Physitis is the most common developmental disease that affects the bones of growing horses.
This condition involves swelling around the growth plates (physes) of long bones in a young horse’s legs. It can lead to pain, stiffness in the joints, and lameness.
Physitis tends to occur in foals less than 7 months old and is predominantly seen in Thoroughbreds and sport horses. In rare cases, it may appear in horses up to two years old.
Rapid growth linked to feeding too much energy is a major contributor to the development of physitis. This condition is also associated with excessive exercise, obesity, and hormone imbalances.
In most cases, physitis does not cause serious problems but it could have long-term effects if not addressed early. Prompt recognition of the clinical signs and appropriate management are key to supporting a horse with physitis.
What is Physitis?
Formerly known as epiphysitis, physitis is one of several developmental orthopedic diseases (DODs) that can affect growing horses.
It is characterized by inflammation in the growth plates, which are the areas in bone where new growth occurs. This condition can lead to abnormal bone development.
Physitis most commonly involves the radius, tibia, cannon bones, and long pastern bone (first phalanx).
In severe cases, both front legs or hindlimbs may be affected. Occasionally, all four limbs are affected. 
The first sign of physitis is often a warm swollen area above the knee, fetlock or hock. Usually, the horse will show signs of pain when the area is touched.
Other signs of physitis include:
- Flared knees
- Enlarged or boxy joints
- Stiffness and altered movement
- Pain or discomfort
- Change in behaviour
How Physitis Develops
When a foal is developing in the uterus (in utero), its skeleton is composed of cartilage – a type of connective tissue.
As the fetus matures, this cartilage is replaced by bone in a process known as endochondral ossification.
Most of the cartilage has ossified to bone by the time the foal is born. However, cartilage remains at the growth plates or physeal regions to allow these bones to continue to grow in length.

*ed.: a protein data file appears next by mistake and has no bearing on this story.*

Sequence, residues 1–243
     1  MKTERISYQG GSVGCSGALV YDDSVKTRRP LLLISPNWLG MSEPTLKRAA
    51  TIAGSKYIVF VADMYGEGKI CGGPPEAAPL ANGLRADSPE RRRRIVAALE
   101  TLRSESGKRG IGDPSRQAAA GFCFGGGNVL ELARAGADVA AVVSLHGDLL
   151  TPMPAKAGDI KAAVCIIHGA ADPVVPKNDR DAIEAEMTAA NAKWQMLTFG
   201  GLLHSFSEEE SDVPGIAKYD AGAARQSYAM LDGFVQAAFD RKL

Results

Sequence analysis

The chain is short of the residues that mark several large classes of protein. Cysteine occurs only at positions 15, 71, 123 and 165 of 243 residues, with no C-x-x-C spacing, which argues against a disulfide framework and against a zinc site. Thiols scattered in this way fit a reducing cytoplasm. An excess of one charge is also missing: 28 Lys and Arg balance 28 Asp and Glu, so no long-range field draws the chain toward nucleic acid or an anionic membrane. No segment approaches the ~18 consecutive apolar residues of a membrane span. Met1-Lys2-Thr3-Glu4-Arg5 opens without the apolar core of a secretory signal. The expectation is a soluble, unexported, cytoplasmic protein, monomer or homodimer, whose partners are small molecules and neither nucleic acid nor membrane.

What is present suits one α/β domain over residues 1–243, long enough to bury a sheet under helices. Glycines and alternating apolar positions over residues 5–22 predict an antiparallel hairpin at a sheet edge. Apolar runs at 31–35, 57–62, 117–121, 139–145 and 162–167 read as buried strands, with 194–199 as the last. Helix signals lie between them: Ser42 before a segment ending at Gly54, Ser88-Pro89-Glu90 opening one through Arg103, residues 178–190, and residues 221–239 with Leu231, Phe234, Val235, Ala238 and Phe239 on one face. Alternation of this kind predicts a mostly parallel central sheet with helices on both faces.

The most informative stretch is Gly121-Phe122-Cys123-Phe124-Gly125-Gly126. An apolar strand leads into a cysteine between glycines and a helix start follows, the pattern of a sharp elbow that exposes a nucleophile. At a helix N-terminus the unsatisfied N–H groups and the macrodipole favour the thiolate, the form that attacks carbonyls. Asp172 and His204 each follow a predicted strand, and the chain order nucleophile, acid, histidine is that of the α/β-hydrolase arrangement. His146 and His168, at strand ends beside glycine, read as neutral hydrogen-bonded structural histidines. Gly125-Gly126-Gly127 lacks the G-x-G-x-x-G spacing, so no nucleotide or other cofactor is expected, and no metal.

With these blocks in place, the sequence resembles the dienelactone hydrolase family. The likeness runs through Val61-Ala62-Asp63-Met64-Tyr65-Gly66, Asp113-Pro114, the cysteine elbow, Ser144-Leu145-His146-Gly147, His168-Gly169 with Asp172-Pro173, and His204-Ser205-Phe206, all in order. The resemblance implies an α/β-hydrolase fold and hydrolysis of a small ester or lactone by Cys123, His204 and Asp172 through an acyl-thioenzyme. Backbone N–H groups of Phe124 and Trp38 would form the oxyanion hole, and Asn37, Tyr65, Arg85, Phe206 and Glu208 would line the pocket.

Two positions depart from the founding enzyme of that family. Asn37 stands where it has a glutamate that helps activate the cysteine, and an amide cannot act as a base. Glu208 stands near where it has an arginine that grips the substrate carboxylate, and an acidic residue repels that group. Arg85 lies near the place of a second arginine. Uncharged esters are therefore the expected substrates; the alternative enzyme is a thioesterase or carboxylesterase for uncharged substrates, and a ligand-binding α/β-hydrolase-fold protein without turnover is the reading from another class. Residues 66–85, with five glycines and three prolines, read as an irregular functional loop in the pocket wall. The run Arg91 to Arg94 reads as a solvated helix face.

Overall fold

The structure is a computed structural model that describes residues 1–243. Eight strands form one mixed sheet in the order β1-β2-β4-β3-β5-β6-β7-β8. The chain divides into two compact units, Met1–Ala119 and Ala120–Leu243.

Breed and sex of the horse and the specific joint affet when growth plates close. However, most are fully closed by 28 months of age. 
Each part of the bone has a different name:
- Diaphysis: the middle of the bone
- Metaphysis: the slightly flared parts before the growth plate
- Epiphysis: The ends of bones
In young horses, the growth plate is situated between the metaphysis and the epiphysis. 
When any type of disruption occurs in the growth of long bones, inflammation can occur at the growth plates.
This typically occurs as body size increases quickly in conjunction with increased activity levels, resulting in stress on the growth plates. 
Causes of Physitis
Similar to other developmental orthopedic diseases, researchers believe physitis is caused by multiple factors.
Suggested causes include malnutrition, conformational defects, excessive exercise, obesity, endocrine disorders, and infection. 
Studies indicate that overfeeding and rapid growth alone are not sufficient to cause physitis. Instead, several factors act together to bring about this condition. 
Physitis is either generalized (occurring in multiple growth plates) or localized (occurring in one specific growth plate).
Generalized physitis is usually caused by nutrition or exercise that puts stress on the growth plates.  Localized physitis is more commonly the result of trauma or infection.
The nutritional composition of your horse’s diet can contribute to physitis by over-supplying calories and promoting excessive growth.
If a foal grows at a rate that exceeds the ability of the growth plates to ossify and adapt, structural damage in the bones can occur.
For this reason, fast-growing foals consuming a high level of soluble carbohydrates are prone to developing physitis. Examples of high-carbohydrate feeds include grain-based concentrates and rich pasture.
In commercial horse operations, foals that are weaned and switched to a higher concentrate diet often develop physitis in the lower part of the cannon bone of the front or back legs.